If they can use 30 Quads do the Star Trek theme in London shurely we can do the same or more.As we know the word drone is very big today world wide and every one wants a part the rub.Corporates will pay top dollar for doing their logo at a football or soccer stadium, or for flying in formation at a field event with their livery and or banners.There might be issues in some parts of the world with drones in civilian use. However corporate sponsorship can cut through a lot of red tape get permissions and buy the insurance.

  • I would love to have a follow me feature for APM/pixhawk based craft (though I suspect the processing will mean the later is best suited).

    Re: formation flying - conventional formation flying is considerably easier I suspect, because 1:1 craft have far better penetration, are more stable, less prone to needing to turn (they don't have to worry about FPV range!), more likely to maintain a steady course and probably most importantly - the human's brain in the cockpit has an easier job. When we see occulus rift-style HD goggles with non-fisheye 170' visibility in HD and more intuiative head tracking will we see more natural formation flying at the RC scale.

    Ryan probably forgot to mention that approaching at 0' bearing means you're in the dirty air.

  • Excellent video thanks for sharing  reminds me of  the pre programmed quads flying the"  Bat" formation over London

  • Developer

    Try closing on the plane on the 30-45 degree bearing line.  Flying form is really hard from the 6 o'lock position.  If you close on the 45 deg bearing line you can more accurately judge your closer speed.  Never just drive straight towards the plane.  Always work on getting on the bearing line and then use throttle to work your way closer on the bearing line.  If you get off of the bearing line get back on using roll before changing throttle.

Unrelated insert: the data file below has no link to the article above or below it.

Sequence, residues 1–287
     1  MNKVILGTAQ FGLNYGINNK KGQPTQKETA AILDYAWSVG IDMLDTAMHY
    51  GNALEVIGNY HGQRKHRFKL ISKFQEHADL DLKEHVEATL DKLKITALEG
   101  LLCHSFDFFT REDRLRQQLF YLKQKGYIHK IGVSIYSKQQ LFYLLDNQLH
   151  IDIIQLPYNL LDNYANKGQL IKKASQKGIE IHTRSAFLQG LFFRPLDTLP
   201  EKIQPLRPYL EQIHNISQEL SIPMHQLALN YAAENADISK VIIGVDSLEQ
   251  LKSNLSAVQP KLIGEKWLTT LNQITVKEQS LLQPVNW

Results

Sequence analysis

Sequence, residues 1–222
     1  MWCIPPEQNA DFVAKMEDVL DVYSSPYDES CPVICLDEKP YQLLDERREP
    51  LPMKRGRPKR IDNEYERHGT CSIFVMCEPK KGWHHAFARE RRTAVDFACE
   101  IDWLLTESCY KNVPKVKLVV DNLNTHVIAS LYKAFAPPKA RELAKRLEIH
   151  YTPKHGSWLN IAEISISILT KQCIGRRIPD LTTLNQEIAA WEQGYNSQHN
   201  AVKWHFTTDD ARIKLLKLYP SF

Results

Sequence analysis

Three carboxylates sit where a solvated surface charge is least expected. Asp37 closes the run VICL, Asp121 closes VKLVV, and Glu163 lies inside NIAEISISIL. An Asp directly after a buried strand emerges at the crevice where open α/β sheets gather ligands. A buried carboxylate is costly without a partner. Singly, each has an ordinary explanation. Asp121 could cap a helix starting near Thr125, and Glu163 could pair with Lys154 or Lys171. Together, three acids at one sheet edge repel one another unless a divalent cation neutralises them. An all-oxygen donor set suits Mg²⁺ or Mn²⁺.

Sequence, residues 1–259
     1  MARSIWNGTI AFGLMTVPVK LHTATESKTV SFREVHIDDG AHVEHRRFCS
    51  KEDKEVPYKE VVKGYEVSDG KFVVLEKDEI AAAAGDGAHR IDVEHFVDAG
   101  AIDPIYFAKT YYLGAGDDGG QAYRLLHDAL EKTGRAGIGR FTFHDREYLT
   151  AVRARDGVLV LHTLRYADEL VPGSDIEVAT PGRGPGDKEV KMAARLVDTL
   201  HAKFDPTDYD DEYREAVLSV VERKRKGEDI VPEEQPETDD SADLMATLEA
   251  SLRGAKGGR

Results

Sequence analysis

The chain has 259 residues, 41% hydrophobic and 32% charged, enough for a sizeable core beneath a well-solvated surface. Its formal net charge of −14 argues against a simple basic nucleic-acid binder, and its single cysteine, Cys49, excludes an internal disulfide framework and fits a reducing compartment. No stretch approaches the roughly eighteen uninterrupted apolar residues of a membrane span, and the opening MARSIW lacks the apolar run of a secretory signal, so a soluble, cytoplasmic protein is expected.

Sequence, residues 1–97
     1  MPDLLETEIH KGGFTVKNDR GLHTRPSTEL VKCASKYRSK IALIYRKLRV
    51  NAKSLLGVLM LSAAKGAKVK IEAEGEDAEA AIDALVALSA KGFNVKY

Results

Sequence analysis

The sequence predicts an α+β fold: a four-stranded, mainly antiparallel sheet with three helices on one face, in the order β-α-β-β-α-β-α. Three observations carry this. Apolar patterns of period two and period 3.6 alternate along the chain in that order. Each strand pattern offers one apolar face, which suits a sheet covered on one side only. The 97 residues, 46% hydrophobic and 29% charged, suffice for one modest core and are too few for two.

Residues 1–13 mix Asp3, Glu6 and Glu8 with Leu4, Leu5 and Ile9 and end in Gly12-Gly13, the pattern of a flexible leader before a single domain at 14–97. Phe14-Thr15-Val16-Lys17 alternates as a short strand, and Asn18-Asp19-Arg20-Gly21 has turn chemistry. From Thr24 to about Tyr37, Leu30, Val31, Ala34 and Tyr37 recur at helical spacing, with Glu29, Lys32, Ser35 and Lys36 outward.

• 3D Robotics

    @Graham: Instructions for swarming/formation flying with the Mission Planner are in the manual here

  • We will test the theory as soon I can put a plane back in the sky.Will leave the how bit to Graham.

  • 3D Robotics

    @Graham: Theoretically, yes, but I think it's only been tested on copters. 

  • Moderator

    @Chris, I didn't realize the swarm function existed, would it work for aircraft?

  • Moderator

    I did consider 'follow me' but putting an Android device plus extra telemetry radio into the plane seemed like a lot to achieve something we could achieve fairly easily without it, we also only had two telemetry radio's and wanted to keep in touch with both planes, plus we were actually interested in how the planes would fly together with independent autopilots.

    What would be better was if the two groundstations could talk and have one plane follow the other that way. Or even have one ground station control two planes...

    On that note, I haven't tried it yet but one can run two instances of the Mission Planner on one laptop with two radio's using different ports but the two MP's couldn't talk to each other without skills that I don't have.

    Anyway I'm sure the planes could be tuned to fly very closely in formation with a little bit of effort.